Experts responsible of amending the items’ formulation start to study the automatically linked variables effect on the formulation of the previously determined specific parts of each item, to change them according to their affecting variables. These parts are the specific requirements to achieve the items. They are either standard, laws or codes to be followed, or certain characteristics, numbers, or percentages to be verified. Experts responsible of amending the assessment items’ weights start according to the affecting variables and each amended item’s formulation to decide its existence, its obligatory level, and its weight. Noting that any changed weight of any item will change the other items weights of the same component by their relative proportions to each other, to remain the assessment overall weight 100%, and any changed weight of any component will change its consisted assessment components’ weights by their relative proportions to each other. And it should be noted that, after each weight emendation there should be a step to ensure remaining them within an accepted limit, these limits are proposed to be in the adaptive method a minimum assessment main functions’ weights, besides a minimum proportion between the assessment items’ weights expressing the environmental quality achievement (Q) versus the assessment items’ weights expressing the environmental load reduction (LR).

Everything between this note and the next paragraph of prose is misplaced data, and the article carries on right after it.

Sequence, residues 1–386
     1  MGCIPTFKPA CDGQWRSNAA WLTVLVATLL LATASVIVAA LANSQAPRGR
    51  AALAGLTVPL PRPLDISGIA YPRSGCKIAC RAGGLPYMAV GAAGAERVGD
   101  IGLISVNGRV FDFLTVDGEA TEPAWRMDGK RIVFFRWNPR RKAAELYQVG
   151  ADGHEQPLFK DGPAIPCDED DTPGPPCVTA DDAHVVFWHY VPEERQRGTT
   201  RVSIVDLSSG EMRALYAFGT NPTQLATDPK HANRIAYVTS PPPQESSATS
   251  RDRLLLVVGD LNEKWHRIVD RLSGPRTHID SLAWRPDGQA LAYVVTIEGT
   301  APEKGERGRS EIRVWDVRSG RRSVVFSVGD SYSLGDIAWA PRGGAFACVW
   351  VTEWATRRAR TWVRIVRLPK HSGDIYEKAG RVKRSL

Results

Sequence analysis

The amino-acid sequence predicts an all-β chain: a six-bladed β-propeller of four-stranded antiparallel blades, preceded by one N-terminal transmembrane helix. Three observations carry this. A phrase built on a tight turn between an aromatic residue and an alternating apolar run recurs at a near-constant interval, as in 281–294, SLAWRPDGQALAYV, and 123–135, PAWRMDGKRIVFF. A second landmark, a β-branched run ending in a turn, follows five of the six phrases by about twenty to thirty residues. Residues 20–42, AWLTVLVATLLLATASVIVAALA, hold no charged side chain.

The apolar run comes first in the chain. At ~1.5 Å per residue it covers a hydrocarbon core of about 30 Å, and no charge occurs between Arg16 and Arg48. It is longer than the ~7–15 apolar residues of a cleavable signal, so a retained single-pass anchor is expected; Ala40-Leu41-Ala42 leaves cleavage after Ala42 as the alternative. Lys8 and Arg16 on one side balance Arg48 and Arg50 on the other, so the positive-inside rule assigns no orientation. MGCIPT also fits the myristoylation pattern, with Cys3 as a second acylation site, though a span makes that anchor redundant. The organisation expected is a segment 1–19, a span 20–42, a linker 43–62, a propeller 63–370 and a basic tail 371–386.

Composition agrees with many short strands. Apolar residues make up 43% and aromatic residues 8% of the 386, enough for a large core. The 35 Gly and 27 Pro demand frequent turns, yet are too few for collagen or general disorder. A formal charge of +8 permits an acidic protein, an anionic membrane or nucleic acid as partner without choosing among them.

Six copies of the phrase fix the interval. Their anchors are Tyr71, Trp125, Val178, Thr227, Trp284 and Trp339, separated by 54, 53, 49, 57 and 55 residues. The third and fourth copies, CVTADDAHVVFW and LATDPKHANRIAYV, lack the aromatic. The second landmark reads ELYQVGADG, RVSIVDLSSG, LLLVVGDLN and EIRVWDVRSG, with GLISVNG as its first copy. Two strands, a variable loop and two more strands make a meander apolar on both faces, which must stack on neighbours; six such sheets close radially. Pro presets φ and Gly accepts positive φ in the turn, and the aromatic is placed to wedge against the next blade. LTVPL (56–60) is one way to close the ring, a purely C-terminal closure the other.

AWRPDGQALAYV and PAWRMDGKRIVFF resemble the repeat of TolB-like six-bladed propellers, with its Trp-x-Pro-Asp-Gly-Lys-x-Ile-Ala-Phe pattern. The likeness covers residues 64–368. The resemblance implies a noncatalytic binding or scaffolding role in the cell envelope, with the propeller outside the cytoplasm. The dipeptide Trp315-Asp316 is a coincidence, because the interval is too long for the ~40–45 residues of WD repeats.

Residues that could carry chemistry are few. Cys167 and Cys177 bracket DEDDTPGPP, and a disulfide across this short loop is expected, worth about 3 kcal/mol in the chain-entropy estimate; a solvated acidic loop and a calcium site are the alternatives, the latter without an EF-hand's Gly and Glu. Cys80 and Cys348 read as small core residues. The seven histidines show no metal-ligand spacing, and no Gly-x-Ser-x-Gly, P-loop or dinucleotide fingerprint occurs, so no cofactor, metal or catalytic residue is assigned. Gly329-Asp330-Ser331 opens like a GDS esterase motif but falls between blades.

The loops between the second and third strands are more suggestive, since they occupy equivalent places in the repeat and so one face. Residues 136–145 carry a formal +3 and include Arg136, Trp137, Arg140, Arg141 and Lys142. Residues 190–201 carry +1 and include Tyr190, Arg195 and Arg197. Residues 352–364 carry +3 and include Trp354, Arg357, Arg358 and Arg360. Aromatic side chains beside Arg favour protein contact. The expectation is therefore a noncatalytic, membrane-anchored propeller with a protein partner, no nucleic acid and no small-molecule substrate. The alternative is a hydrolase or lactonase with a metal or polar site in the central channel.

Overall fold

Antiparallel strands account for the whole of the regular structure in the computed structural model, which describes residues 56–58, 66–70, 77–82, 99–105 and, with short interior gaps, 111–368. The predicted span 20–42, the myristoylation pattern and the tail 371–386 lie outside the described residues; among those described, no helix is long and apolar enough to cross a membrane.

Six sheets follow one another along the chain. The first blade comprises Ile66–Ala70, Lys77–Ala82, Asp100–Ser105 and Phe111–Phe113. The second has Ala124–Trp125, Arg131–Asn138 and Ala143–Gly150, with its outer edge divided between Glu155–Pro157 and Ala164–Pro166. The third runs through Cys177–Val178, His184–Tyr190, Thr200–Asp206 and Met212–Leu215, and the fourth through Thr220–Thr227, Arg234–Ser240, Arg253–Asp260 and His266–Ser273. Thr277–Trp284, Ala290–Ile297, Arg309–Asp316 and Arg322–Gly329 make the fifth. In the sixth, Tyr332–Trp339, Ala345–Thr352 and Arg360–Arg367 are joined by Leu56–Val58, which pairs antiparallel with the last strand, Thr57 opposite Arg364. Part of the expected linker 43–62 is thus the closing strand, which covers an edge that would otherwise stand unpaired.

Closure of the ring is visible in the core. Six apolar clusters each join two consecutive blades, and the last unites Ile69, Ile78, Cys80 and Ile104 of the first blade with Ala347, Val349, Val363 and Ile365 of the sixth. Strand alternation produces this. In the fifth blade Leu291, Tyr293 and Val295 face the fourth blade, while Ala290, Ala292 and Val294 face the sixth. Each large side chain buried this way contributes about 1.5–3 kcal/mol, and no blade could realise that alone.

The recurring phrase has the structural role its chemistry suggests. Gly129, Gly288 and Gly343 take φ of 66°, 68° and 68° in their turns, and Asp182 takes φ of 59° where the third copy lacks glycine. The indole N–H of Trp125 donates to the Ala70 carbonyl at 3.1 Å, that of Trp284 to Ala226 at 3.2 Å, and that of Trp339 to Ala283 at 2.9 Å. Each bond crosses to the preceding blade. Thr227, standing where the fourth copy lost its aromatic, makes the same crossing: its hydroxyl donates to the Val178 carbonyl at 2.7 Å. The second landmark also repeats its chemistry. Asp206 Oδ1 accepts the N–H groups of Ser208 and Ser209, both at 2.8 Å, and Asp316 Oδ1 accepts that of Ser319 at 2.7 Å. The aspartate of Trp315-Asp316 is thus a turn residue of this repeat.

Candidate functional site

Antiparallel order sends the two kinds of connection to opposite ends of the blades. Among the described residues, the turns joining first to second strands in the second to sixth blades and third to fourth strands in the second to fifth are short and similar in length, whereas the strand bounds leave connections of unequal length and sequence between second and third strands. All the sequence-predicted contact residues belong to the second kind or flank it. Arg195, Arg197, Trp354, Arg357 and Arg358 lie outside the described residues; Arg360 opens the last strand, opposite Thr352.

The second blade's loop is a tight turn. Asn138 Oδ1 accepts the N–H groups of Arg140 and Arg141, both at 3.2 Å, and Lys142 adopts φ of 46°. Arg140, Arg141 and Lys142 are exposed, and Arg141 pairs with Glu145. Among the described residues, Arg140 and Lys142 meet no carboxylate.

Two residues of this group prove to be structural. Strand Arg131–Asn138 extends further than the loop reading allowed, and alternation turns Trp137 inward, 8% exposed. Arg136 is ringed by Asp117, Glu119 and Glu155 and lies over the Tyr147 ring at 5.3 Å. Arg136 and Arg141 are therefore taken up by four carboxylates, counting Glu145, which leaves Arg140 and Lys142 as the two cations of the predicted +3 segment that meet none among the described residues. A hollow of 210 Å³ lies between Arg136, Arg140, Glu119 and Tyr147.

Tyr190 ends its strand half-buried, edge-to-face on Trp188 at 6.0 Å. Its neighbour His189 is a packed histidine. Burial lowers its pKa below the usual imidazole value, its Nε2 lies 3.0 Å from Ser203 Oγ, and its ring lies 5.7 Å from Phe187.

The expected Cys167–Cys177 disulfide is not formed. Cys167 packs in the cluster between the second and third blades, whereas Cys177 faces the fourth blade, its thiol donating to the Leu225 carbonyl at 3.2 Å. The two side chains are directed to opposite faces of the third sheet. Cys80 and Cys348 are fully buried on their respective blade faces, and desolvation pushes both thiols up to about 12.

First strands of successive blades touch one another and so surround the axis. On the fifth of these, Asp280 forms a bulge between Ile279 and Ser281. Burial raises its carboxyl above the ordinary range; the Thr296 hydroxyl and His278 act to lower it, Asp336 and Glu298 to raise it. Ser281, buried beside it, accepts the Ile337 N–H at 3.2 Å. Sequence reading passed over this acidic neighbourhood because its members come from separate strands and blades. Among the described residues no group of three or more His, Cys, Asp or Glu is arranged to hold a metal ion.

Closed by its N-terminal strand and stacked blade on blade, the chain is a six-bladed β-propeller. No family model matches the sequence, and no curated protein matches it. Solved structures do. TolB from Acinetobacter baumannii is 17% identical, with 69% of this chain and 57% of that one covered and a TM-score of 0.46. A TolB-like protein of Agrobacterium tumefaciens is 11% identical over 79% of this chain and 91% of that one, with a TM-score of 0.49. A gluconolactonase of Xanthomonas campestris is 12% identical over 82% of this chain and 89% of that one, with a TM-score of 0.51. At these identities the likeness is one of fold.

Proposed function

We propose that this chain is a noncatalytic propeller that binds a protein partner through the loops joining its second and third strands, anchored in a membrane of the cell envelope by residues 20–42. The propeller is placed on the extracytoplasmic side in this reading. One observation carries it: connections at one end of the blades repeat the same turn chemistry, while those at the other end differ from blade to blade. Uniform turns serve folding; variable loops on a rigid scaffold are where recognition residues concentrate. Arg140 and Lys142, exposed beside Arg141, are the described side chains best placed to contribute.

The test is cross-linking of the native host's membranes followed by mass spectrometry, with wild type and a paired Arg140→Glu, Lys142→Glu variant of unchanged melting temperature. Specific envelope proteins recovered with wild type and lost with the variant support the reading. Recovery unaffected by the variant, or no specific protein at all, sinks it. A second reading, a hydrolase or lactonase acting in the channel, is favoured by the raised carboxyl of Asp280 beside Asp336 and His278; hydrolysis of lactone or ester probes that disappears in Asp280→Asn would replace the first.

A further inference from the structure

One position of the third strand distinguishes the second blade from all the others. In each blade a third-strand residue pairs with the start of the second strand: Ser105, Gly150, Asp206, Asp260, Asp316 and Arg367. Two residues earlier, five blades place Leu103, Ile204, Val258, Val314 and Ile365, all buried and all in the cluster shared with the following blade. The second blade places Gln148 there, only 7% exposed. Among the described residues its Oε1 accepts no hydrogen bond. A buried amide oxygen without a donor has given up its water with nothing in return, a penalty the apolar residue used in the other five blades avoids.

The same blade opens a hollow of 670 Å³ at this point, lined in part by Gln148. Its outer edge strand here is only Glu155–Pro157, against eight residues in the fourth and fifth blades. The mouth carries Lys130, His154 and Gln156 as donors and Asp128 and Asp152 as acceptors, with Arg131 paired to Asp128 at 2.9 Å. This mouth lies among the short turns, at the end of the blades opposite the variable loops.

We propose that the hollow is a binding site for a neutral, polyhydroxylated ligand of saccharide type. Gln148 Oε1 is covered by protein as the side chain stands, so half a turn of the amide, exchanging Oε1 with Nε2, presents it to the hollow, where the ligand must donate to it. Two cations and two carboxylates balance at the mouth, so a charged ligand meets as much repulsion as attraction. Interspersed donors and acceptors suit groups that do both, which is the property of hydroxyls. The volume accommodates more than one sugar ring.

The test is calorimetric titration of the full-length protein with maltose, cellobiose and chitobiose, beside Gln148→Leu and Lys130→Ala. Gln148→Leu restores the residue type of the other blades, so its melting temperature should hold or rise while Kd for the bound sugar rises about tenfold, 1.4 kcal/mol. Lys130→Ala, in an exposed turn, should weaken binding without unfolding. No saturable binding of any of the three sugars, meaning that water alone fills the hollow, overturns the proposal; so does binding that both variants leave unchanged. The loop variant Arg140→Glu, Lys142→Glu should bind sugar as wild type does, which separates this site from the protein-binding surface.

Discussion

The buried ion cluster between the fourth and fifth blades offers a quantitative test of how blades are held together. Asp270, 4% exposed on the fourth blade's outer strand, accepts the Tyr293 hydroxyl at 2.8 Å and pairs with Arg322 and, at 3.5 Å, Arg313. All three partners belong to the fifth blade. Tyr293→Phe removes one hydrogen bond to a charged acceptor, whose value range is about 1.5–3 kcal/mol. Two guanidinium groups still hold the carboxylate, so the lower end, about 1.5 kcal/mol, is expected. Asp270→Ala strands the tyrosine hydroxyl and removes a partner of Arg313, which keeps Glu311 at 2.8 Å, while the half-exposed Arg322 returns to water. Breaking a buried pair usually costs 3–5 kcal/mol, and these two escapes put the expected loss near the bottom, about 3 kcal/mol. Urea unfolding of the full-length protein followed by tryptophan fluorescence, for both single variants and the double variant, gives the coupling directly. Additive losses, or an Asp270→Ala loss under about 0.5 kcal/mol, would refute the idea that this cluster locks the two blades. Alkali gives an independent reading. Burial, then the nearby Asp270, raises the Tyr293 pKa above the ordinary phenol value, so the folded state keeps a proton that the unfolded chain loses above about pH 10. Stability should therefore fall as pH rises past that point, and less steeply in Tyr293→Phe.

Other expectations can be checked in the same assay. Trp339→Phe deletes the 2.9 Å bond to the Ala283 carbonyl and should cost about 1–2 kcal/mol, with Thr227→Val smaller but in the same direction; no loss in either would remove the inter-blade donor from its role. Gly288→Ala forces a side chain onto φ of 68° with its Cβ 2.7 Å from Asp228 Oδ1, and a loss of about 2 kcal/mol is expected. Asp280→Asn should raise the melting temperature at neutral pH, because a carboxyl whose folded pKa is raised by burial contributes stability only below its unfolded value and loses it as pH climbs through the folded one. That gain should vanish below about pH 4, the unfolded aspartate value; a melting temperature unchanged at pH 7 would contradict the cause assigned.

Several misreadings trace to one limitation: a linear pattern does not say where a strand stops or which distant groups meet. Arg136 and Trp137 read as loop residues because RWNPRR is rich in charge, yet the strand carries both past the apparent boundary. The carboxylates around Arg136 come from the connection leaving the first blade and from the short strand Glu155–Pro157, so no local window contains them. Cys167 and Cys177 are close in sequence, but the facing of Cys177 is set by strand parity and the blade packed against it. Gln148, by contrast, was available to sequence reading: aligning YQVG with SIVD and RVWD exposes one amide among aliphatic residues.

Experts responsible of amending the items’ achievement levels start amending each item according to its automatic linked variables to decide their effect on the achievement levels’ number of the item, their divisions and ranges, and their corresponding scores. For these items another set of levels are set, which are expressing their achievement continuity depending on their verification temporal characteristics and the affecting variations types. These experts are responsible also for determining the additional items’ achievement levels which may be a proportion from an existing assessment item. After amending the method’s versions they may be saved through a system that helps categorization them according to the different spatial levels. As the countries spatial level contains the versions of their climatic regions which include the versions of their internal governorates, cities and villages, each spatial level contains a detailed one until the specific projects’ spatial levels.

Assessors decide the proper version to assess any project, then start to assess each item by choosing its achievement level(s) and their parallel continuity level(s) for all time periods. The electronic tool helps the assessor to get the assessment results, which reflect the efficiency of buildings environmentally through a series of choices. They are using the modified items requirements formation to decide their verification, then the sum of the corresponding scores of the achievement levels through their continuity levels are multiplied by the previously amended assessment weights, then the assessment achievement points are gathered to decide the final assessment score for the building(s) and its classification.